FROM TIME TO TIME over the years, there has been talk of privatizing the agency that supplies water and sewer services to hundreds of thousands of customers in suburban Maryland. The idea generally runs into broad opposition from officials justifiably wary of forfeiting public oversight of a utility so vital to public health in the two jurisdictions it serves, Montgomery and Prince George's counties. Still, privatization's allure never quite fades when it comes to the Washington Suburban Sanitary Commission, largely because of the agency's episodic history of contracting shenanigans and corruption. At the moment, the best argument for privatizing WSSC is Joyce Starks, chair of the agency's six-member commission.
Mrs. Starks, appointed by Prince George's County Executive Jack B. Johnson, took office early this year -- and immediately helped plunge the agency into chaos. At her very first meeting, on Feb. 18, she presided at an illegal closed session of the commission in which she voted, with three other commissioners, to fire the agency's well-regarded general manager, John R. Griffin. The board's vote, promptly invalidated, has never been adequately explained, and it triggered months of tumult. Agency business has been frozen and important contracts have been delayed, in at least one case resulting in an additional $320,000 cost to the public. At one point last month, Mrs. Starks adjourned a WSSC board meeting after four minutes, disregarding important pending business including millions of dollars in contracts. The attempt to fire Mr. Griffin and his deputy also paralyzed proceedings, ultimately leading earlier this month to a $500,000 severance package to ease their departure -- needlessly, in the view of much of the WSSC's long-suffering professional staff.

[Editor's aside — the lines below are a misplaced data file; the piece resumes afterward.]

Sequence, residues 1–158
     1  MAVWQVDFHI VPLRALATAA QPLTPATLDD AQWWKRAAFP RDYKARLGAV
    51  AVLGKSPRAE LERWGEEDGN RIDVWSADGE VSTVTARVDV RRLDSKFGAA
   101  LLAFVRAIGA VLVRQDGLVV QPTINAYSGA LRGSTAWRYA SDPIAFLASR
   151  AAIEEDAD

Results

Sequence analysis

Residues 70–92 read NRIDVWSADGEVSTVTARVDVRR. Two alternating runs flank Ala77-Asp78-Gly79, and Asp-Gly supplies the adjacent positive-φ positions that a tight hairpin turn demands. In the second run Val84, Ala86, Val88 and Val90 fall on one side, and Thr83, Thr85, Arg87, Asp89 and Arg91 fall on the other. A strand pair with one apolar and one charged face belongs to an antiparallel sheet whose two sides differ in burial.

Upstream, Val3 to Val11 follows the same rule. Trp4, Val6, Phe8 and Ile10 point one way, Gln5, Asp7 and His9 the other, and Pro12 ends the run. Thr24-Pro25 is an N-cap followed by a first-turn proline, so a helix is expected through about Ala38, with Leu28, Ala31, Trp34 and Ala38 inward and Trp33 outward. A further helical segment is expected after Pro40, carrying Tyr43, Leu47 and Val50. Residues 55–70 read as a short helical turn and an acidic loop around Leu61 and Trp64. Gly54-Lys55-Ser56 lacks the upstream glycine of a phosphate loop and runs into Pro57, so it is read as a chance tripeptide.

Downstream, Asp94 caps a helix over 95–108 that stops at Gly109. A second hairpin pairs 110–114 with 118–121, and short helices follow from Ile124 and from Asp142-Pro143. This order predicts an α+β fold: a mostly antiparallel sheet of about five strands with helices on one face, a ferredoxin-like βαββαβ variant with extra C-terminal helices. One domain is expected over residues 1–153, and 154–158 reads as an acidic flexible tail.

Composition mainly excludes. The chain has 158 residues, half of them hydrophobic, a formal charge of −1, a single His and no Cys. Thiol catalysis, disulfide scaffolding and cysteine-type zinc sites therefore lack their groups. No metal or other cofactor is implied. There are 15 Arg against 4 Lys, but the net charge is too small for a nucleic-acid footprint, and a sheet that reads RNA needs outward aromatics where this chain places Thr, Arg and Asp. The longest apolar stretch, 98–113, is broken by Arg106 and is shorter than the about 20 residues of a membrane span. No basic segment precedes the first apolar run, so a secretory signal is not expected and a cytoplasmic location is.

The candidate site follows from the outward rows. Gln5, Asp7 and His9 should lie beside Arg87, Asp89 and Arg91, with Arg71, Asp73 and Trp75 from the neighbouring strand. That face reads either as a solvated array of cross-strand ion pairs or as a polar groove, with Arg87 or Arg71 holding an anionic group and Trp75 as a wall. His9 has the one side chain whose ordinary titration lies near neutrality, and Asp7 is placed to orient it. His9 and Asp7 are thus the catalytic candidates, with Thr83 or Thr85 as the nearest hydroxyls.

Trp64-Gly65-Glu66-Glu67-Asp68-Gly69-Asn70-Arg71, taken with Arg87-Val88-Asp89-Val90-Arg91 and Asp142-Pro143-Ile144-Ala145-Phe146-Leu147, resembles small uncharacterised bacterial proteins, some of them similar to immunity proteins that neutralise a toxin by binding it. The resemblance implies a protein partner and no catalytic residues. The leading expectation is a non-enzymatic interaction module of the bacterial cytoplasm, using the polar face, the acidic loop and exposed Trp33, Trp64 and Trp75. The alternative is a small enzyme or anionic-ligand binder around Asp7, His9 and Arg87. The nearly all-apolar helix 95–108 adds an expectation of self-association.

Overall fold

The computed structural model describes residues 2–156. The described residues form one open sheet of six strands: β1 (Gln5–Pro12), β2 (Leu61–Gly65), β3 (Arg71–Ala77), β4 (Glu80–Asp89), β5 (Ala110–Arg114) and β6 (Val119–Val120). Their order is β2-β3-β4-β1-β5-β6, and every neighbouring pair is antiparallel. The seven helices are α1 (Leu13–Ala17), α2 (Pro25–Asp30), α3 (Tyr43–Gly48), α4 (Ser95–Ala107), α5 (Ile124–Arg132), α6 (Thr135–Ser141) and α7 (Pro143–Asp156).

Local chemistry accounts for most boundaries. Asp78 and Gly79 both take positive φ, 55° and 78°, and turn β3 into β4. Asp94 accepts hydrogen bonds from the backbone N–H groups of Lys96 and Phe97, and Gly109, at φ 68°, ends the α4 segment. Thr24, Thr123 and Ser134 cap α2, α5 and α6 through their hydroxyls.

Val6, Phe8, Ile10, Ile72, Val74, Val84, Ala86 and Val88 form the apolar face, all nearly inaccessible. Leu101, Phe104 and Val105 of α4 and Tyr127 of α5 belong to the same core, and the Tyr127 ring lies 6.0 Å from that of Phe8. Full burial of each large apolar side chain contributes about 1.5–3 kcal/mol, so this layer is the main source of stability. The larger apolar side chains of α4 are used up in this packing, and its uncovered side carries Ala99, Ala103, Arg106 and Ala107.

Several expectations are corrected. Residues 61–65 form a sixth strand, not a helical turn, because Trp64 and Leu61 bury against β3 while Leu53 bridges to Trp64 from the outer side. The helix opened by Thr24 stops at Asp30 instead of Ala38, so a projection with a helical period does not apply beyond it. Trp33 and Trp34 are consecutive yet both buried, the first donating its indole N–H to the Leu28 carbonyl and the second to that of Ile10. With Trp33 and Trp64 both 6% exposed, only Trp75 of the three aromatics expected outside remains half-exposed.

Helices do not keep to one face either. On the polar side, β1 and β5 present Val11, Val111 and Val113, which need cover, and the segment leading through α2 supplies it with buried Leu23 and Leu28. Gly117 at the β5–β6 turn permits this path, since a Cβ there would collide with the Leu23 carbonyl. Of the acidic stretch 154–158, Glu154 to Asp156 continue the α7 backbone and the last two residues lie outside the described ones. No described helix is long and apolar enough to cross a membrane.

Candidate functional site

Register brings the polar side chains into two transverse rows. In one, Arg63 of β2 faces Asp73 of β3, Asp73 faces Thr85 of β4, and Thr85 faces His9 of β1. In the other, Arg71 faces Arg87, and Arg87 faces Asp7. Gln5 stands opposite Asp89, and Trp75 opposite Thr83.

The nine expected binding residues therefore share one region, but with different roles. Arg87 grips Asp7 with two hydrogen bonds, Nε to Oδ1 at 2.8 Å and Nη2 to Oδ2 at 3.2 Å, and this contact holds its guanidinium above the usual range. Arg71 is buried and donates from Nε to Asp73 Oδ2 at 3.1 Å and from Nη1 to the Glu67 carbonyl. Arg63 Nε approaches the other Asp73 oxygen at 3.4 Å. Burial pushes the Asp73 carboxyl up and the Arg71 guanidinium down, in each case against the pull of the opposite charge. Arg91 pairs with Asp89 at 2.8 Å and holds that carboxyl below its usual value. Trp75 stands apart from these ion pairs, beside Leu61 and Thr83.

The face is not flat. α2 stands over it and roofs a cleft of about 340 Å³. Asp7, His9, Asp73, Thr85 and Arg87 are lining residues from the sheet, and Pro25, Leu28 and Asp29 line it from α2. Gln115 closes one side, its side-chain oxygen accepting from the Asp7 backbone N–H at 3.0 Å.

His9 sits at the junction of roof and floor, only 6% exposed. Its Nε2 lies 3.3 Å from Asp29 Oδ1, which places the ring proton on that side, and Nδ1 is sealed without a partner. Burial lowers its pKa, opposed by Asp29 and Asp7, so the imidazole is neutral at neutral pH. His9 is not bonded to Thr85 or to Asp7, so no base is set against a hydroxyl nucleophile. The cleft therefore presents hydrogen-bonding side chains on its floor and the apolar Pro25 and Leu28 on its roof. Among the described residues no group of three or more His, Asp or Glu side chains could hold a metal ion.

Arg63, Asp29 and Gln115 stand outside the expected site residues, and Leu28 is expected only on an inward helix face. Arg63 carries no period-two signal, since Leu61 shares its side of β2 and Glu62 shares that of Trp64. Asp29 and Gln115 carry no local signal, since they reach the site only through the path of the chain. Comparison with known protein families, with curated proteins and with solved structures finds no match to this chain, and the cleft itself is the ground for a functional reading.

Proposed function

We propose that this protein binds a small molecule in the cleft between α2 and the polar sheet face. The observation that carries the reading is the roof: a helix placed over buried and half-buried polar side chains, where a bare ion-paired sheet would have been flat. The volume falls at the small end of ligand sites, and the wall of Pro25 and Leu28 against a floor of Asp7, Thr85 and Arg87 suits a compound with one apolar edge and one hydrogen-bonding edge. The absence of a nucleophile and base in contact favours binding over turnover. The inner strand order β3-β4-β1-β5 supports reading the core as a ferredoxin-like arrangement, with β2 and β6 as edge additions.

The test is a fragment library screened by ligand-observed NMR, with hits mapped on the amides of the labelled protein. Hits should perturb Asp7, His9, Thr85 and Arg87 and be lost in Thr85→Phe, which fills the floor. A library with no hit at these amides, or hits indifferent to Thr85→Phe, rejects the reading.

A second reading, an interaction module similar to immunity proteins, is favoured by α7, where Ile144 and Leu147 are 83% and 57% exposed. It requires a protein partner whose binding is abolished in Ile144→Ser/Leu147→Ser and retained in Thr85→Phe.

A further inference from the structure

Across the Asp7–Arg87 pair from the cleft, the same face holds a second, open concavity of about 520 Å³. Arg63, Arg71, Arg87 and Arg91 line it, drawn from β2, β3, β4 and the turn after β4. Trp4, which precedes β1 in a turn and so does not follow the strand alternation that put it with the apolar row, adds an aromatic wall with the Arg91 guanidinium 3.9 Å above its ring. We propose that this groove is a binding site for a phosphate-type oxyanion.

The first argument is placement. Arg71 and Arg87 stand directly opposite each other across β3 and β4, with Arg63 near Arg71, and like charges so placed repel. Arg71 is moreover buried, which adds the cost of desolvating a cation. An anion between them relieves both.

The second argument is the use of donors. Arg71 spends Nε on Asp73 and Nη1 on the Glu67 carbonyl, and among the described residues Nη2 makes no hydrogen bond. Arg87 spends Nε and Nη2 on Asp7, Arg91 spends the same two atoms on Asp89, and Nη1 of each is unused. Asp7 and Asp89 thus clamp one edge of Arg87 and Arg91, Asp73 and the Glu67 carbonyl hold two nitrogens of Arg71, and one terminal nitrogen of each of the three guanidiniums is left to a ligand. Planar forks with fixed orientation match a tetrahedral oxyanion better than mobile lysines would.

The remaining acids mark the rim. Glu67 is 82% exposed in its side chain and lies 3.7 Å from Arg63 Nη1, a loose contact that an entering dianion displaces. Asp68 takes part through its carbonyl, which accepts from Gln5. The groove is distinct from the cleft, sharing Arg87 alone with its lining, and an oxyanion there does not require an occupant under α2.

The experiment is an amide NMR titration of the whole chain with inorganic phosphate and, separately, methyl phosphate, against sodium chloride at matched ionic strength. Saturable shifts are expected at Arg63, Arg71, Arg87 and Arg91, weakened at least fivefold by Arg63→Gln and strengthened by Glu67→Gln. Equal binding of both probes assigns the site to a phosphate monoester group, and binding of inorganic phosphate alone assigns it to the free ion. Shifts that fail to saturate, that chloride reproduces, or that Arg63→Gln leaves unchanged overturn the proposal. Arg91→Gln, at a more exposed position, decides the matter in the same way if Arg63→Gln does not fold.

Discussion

WSSC is a creation of the state, and Maryland state lawmakers are alarmed at the upheaval. Last week, 17 of them met with Mrs. Starks and the board's vice chair, Gerald J. Roper, in hopes of getting some answers about the agency's descent into dysfunction. They got answers, all right: incoherent ones. The more the lawmakers quizzed the two commissioners, the less their answers made sense. At one point, Mrs. Starks groundlessly blamed the agency's professional staff for the contracting delays, saying the commissioners should be able to review contract bids 90 to 120 days before having to vote on them. Agency employees explained that would be impossible, given that many of the bids expire after 60 days. At another point, Mrs. Starks was asked repeatedly why she had voted to fire Mr. Griffin. She was unable to provide a cogent answer, and Mr. Roper did no better.
We are not advocates of privatizing WSSC, but the status quo is turning it into a laughingstock, and is untenable. A number of Maryland delegates are discussing ways to restructure the agency's governance; some are threatening a state takeover. It is politically difficult to remove a single WSSC commissioner, but one lawmaker, Del. Richard S. Madaleno Jr. (D-Montgomery), is circulating proposed legislation to replace all six. We vote "aye."